Meet the Croods – father Grug (Nicholas Cage), mother Ugga (Catherine Keener), Gran (Cloris Leachman) and the kids, including the eldest, daughter Eep (Emma Stone). After seeing many of the families around them killed through a variety of factors, Grug keeps them safe most of the time in a cave. But Eep is not happy with this, and wants to be free. Then she meets Guy (Ryan Reynolds), a different kind of person who showed then a different way to life their lives, and after their cave is destroyed, they need to follow him or meet their end.
I loved that the women in this film were not drawn as spindly, crazy-skinny stick figures, but had some shape and spunk. It’s a fun film, yes the morals are pretty stock standard for a kids animation – parents need to let their kids make mistakes and cannot protect them forever no matter how dangerous the world may be. But it was fun, with a good sense of humour and just a lot of good, nice stuff going on.
The Croods was nominated for an Oscar for Best Animated Feature Film of the Year, as well as a Golden Globe for Best Animated Feature Film and a BAFTA for BAFTA Kids Vote – Feature Film.
US 90 Mins
Joe (Nicholas Cage) is a hard-living, chain-smoking, heavy-drinking man living in Mississippi, running a work crew who are poisoning trees in the forest so they can be cleared for a pine tree plantation. Gary (Tye Sheridan) comes to work for him, a fifteen-year-old who is trying to support his family despite the selfish behavior of his destructively alcoholic father, Wade (Gary Poulter).
A couple of days after watching Joe, it keeps playing in my mind. It was such a hard film.
The slow pace dragged out the pain that the characters are going through and raised the torment for the audience – and this was particularly painful during the scenes with the evil Willie-Russell (Ronnie Gene Blevins). Joe loses control a few times and this would have been the perfect place for some crazy Nicholas Cage acting, but instead it was a considered and sinister release of the rage we see building up throughout the rest of the film. Tye Sheridan is rapidly building a great rep, and I hope that he has good support and is able to continue to pick strong roles and build an excellent career.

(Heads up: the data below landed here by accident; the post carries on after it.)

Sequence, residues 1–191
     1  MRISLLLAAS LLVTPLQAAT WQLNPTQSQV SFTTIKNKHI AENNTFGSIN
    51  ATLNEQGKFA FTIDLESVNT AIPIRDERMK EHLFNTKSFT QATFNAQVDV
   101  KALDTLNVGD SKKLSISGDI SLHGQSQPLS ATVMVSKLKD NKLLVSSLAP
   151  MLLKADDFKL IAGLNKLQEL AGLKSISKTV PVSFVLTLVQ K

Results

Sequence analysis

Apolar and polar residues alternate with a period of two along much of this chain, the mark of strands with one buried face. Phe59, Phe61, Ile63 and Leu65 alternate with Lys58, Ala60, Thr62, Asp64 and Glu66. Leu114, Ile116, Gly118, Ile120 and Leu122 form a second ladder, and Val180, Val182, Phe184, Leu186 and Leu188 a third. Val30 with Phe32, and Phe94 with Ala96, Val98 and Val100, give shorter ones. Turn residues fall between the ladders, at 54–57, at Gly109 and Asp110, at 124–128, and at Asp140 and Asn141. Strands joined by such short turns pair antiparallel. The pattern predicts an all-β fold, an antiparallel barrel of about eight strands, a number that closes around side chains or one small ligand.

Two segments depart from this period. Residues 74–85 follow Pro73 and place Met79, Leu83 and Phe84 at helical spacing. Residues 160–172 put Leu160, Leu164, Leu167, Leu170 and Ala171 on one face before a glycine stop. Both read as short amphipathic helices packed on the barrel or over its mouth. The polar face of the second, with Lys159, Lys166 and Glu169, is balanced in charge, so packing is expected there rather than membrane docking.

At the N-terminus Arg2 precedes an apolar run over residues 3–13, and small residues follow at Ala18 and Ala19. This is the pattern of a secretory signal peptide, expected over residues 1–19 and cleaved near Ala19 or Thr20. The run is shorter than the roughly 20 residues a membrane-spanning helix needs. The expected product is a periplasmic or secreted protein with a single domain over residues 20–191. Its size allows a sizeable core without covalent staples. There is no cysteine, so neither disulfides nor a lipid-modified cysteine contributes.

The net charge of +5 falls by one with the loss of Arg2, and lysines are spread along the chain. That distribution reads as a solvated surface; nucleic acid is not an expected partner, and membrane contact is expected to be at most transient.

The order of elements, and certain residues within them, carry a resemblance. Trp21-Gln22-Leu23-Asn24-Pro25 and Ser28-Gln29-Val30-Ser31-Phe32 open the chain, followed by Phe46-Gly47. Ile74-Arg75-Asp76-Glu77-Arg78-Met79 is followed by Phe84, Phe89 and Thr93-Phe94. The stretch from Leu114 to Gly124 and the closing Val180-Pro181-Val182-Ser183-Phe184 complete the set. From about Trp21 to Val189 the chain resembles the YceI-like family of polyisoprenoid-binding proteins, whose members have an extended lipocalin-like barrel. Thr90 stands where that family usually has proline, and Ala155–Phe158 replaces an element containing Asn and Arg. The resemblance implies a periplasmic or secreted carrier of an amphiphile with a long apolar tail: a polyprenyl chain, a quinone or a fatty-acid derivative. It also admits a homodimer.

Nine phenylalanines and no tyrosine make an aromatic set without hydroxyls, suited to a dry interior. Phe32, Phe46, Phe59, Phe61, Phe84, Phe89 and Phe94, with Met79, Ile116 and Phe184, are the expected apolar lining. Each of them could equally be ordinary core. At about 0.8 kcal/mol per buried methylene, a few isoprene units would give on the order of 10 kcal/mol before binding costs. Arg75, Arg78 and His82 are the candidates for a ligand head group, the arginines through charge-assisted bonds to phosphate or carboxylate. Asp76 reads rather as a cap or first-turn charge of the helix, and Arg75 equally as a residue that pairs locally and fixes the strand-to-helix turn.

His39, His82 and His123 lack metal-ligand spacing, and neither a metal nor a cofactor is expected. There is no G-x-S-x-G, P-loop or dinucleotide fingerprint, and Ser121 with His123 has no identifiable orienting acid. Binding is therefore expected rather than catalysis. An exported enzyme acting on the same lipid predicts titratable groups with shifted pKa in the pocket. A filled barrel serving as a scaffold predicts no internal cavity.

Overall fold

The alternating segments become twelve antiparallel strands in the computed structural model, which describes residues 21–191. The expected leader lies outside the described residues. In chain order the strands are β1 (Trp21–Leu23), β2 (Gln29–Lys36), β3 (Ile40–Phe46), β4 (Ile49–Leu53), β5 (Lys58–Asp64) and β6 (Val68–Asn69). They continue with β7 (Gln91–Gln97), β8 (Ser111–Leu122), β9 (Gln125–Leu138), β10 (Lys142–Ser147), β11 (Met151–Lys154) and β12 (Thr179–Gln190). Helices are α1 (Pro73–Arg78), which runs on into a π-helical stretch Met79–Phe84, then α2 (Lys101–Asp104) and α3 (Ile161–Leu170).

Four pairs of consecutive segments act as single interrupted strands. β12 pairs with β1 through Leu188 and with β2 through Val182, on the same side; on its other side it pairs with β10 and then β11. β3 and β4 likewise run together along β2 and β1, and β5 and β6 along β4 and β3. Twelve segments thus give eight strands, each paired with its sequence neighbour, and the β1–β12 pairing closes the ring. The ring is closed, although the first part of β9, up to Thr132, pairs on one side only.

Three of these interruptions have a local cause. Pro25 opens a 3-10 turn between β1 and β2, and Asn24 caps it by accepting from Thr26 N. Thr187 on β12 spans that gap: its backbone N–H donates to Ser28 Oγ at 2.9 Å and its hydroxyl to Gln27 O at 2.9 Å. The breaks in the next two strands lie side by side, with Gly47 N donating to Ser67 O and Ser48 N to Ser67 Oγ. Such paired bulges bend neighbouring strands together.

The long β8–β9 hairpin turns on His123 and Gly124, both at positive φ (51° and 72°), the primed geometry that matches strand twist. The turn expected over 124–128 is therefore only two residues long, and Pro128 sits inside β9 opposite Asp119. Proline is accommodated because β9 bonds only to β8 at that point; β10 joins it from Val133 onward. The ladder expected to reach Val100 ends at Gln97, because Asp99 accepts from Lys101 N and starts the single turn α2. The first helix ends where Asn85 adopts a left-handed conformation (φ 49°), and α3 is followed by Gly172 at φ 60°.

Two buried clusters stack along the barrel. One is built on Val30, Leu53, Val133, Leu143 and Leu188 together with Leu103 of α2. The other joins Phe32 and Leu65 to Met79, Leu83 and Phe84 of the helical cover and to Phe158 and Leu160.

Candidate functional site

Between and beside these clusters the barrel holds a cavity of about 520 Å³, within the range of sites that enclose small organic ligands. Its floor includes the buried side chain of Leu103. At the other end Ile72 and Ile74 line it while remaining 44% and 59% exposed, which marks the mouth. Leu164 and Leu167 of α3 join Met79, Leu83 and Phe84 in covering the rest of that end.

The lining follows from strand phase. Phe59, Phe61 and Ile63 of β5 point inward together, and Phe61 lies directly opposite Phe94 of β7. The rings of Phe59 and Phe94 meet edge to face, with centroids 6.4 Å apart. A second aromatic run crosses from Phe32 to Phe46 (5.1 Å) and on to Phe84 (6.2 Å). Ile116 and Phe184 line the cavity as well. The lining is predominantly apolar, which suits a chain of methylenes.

I was surprised to learn that, apart from a few of the key actors, most characters are played by non-professional actors, including Gary Poulter who played Wade. I find this type of casting often doesn’t work as I become distracted by the poor acting, but not in this film. Wow. Just… wow.
Joe is screening at 9pm on Monday August 4 at Hoyts and at 6:30pm on Thursday August 7 at The Capital. Book tickets at MIFF http://miff.com.au/program/search or call 9662 3722
Dave Lizewski (Aaron Taylor-Johnson) was a really normal, somewhat geeky guy, loving comic books and wondering about the state of the world. So, he becomes Kick-Ass – a real life comic hero. But when things get real, he needs to be saved by some real superheroes: Big Daddy (Nicholas Cage) and his eleven-year-old daughter Hit Girl (Chloe Grace Moretz). But they have an ultimate goal – to get the king pin who ruined their life, Frank D’Amico (Mark Strong). D’Amico’s son, Chris (Christopher Mintz-Plasse) offers to help, but things get out of control. And then they must… Kick Ass.
The film got a lot of flack from many sides for having an eleven-year-old killing people left right and centre and using very foul language, but dammit – it’s great. Very violent and gruesome, but very, very funny and ace.